of the baseline data has been reported previously,5
with agreement rates exceeding 94% and κ values ranging from 0.72 to
0.88 for determining treatments. For the clinical data abstraction center
abstractions, overall variable agreement averaged about 95% for the time periods
during which the follow-up and nonpilot samples were abstracted. Individual
variable abstraction reliability varied depending on the nature of the variable.
Simple laboratory or drug variables that were well documented in medical records
were highly reliable, whereas softer clinical history variables that had inconsistent
documentation patterns in medical records were less reliable (eg, agreement
rates of about 80% for the time of symptom onset prior to hospital arrival).
We supplemented the clinical abstractions with other data, such as diagnoses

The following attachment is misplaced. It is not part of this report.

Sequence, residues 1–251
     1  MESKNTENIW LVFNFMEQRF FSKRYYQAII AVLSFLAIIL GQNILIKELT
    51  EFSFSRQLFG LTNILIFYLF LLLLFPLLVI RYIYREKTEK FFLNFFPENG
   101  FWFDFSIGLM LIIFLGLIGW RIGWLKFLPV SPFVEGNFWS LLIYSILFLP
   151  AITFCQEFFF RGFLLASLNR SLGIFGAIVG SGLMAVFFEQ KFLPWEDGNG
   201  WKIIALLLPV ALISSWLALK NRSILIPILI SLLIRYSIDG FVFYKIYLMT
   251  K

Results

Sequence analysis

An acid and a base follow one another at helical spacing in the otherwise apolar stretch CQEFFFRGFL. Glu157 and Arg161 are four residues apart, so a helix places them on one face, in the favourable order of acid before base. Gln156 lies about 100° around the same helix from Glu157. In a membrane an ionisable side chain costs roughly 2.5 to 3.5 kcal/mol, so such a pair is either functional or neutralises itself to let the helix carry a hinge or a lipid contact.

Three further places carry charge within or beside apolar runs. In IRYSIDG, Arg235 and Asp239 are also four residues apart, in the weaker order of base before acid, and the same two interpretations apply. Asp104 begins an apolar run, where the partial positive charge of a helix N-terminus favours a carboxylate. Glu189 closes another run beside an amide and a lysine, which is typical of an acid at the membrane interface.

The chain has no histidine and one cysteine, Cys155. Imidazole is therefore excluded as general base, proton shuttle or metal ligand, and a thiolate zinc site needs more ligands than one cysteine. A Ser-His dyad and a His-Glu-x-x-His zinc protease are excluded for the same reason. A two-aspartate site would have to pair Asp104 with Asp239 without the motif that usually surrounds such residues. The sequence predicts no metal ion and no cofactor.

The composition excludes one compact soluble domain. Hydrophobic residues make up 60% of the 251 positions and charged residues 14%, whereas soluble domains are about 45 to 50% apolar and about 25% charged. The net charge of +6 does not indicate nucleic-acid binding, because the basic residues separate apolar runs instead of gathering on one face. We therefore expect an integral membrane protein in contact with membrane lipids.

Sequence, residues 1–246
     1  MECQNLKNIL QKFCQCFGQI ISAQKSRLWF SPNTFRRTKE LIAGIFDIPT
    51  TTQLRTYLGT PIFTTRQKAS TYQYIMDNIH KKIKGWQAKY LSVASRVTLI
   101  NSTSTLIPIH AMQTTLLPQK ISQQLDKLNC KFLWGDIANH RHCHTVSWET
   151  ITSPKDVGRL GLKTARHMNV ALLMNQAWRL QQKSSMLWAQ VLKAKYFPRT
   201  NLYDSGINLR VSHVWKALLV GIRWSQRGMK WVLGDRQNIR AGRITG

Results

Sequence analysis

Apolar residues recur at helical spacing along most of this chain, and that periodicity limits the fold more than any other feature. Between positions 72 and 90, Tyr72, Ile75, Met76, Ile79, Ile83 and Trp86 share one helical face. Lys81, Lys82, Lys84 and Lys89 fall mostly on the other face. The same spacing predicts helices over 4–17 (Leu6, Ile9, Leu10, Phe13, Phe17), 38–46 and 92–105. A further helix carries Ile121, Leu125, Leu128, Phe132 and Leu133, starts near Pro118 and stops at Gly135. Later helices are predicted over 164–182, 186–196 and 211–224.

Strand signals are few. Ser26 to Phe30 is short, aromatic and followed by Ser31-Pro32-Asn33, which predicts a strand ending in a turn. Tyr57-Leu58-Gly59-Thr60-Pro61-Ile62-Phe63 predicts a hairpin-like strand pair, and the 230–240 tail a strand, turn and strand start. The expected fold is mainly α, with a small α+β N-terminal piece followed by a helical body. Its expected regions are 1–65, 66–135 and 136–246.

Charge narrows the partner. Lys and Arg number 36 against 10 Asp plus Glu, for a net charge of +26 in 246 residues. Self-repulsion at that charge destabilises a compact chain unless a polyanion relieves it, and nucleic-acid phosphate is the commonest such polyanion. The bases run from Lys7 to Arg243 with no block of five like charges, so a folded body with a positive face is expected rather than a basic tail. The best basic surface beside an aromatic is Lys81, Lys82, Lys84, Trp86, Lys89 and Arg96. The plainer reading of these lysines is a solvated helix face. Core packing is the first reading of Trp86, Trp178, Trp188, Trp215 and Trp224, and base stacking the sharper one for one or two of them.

and procedures, extracted from Medicare billing records. We also extracted
dates of death from the Medicare Enrollment Database. Dates of death in the
Medicare Enrollment Database are derived from both the discharge dates of
billing records indicating a discharge disposition of death and from the Master
Beneficiary Record obtained from the Social Security Administration. The Medicare
Enrollment Database has accurate records of the vital status of Medicare beneficiaries,7 but entries from Social Security records include unverified
dates of death recorded as the last day of the month when the exact date is
unavailable from a death certificate. We eliminated cases with unverified
dates of death from the mortality analyses if the case could not be classified
with certainty at the evaluation time. For instance, for 30-day mortality
statistics, we eliminated cases with unverified dates of death if survival
was between 30 and 59 days after admission as described in an earlier report.8 We found unverified dates of death for 168 patients
with confirmed AMI (ie, about 1% of such patients or 2.2% of deaths).
The CCP focuses primarily on quality indicators, measurable aspects